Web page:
FDA Preps for Device Shortages as Another Sterilization Facility Will Close
Posted 26 March 2019 | By
The US Food and Drug Administration (FDA) on Tuesday set up a new website and is preparing several other measures to combat shortages as two major device sterilizing facilities in Illinois and Michigan will shutter.
Both the Sterigenics facility in Willowbrook, IL, which has already closed, and the contract sterilizer Viant’s facility in Grand Rapids, MI, which will close, sterilize devices with ethylene oxide, with which about half of all sterilized medical devices undergo sterilization, FDA said. Devices impacted by the two closures range from wound dressings to more specialized devices, like stents and catheters, as well as kits used in routine hospital procedures or surgeries that include multiple components made of different materials, FDA noted.
According to the FDA’s Establishment Registration & Device Listing database, Sterigenics listed a total of 594 types of devices that undergo an ethylene oxide sterilization process at the Willowbrook facility, while there are a total of 46 types of devices for the Viant facility.
“Because of the shutdown of the Sterigenics Willowbrook facility and the planned closing of the Viant Grand Rapids facility, the FDA is urging medical device manufacturers that use these facilities to begin assessing any potential downstream impacts of the closures on device distribution through their supply chain to end users (such as health care facilities), and ultimately on patient care,” FDA said. “We’re also encouraging medical device manufacturers to consider alternative contract sterilizers that can process their devices. We’ve already communicated the steps manufacturers need to take to make changes to their contract sterilizers and maintain availability of their devices.”
In addition to creating a new website
, which FDA said will act as a resource on ethylene oxide sterilization and future actions the agency takes regarding shortages or other activities, the agency also established a device shortages mailbox
so that any user, patient or organization that’s aware of a delay in distribution of a product, and/or anticipates a shortage, can notify FDA.
As far as why the Michigan and Illinois sites are closing, Viant said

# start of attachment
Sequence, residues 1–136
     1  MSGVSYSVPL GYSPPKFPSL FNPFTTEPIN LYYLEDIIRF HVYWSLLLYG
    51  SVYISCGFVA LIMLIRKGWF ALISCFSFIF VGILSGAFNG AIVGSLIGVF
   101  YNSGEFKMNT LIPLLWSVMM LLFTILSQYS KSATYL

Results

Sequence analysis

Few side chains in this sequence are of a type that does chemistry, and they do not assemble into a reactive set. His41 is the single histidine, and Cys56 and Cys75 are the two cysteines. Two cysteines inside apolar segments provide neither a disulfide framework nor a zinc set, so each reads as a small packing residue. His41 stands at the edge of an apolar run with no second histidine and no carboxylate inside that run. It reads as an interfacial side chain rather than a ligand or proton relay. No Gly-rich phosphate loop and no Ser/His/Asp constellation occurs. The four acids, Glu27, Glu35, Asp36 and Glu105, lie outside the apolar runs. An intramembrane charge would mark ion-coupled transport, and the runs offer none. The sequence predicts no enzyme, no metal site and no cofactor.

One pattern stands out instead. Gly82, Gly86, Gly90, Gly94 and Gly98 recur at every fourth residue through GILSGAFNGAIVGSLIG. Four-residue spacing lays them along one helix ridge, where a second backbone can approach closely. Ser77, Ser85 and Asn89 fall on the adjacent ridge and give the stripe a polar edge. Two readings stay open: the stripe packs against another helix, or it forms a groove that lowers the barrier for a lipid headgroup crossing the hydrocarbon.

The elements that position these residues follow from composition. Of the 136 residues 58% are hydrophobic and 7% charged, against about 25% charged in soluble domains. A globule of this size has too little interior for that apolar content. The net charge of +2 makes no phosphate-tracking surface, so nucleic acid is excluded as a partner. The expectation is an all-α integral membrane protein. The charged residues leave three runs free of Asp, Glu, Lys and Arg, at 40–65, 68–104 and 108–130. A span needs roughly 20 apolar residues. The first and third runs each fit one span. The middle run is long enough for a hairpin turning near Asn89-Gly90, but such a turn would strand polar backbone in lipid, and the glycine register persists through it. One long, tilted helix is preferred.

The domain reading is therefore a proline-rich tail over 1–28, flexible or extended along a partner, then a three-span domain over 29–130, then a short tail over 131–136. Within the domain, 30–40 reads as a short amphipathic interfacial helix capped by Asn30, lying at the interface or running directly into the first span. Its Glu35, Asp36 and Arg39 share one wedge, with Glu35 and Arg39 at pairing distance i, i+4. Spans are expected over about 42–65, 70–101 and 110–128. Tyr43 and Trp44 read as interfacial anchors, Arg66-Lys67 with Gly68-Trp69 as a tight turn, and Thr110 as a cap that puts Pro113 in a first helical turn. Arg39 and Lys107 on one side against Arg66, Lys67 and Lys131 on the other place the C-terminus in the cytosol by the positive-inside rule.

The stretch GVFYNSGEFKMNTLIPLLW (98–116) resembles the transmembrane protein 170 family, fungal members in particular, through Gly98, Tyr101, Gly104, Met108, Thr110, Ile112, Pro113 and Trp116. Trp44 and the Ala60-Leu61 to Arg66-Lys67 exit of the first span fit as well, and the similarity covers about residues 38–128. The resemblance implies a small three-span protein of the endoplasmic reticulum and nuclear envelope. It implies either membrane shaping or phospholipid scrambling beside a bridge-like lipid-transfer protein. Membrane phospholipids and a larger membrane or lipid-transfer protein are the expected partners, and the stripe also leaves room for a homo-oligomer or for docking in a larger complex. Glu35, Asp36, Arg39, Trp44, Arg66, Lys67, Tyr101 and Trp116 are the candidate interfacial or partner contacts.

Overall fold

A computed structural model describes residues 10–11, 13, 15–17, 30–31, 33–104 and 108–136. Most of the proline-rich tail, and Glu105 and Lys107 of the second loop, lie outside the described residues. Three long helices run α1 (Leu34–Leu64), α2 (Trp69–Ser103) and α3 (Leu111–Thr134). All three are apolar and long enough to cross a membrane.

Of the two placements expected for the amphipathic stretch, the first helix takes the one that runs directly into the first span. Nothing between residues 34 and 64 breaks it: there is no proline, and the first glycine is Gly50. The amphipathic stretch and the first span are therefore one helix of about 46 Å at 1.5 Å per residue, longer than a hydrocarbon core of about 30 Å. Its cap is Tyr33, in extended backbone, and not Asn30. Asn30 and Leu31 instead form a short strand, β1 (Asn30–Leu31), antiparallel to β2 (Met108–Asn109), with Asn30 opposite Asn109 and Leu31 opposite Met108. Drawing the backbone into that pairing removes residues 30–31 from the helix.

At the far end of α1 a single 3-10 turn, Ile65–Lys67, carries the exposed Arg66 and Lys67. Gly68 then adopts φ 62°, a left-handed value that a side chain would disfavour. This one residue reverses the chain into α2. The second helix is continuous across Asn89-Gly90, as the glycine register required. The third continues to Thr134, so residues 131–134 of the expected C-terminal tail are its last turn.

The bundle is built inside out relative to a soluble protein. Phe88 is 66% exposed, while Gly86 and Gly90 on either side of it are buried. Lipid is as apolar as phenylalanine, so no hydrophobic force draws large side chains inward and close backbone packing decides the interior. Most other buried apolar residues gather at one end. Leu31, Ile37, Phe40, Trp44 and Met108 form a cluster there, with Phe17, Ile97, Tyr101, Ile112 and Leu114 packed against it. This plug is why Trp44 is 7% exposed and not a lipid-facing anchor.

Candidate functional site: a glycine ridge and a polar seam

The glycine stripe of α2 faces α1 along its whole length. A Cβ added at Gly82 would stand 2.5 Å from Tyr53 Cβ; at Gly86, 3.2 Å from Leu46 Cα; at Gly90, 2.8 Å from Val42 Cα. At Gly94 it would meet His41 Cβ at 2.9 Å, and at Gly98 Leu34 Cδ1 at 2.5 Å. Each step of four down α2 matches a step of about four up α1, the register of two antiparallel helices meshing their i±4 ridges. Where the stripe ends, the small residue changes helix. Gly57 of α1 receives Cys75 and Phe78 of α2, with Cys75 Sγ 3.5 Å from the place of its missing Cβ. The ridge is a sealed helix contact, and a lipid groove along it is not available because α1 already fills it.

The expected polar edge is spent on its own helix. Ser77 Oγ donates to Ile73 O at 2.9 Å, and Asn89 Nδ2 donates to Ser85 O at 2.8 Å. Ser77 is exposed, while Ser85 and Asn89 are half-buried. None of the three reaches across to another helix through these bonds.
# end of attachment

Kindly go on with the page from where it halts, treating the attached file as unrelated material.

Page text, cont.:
the sterilization facility is “not part of our core business,” while work at Sterigenics’ site was halted
by the Illinois Environmental Protection Agency. Questions have been raised about air quality around both facilities, though Sterigenics and Viant have said their sites were compliant.
FDA added: “In view of the concerns about the environmental impact of this method, we recognize the importance of identifying new and improved ways of sterilizing medical devices.
“We’ve already started exploring ways we can continue to ensure sterilization processes are safe and effective, and evolving with the current science. This includes considering validation of methods that would support using lower levels of currently-used agents like ethylene oxide gas, thereby reducing environmental exposure risks, while still ensuring effective device sterilization. There may also be ways to employ—and eventually validate—new sterilization agents or processes that don’t come with the same environmental risks but still enable the safe and effective sterilization of devices,” the agency added.
FDA also said it plans to discuss these issues at a May 2019 CDC committee
meeting and will host a public advisory committee meeting, to be announced later in 2019, dedicated to discussing innovation in device sterilization.
“In addition, later in 2019, we will announce a public innovation challenge to encourage development of novel sterilization methods, which could include new devices or new modalities that are safe and effective for sterilizing medical devices,” FDA said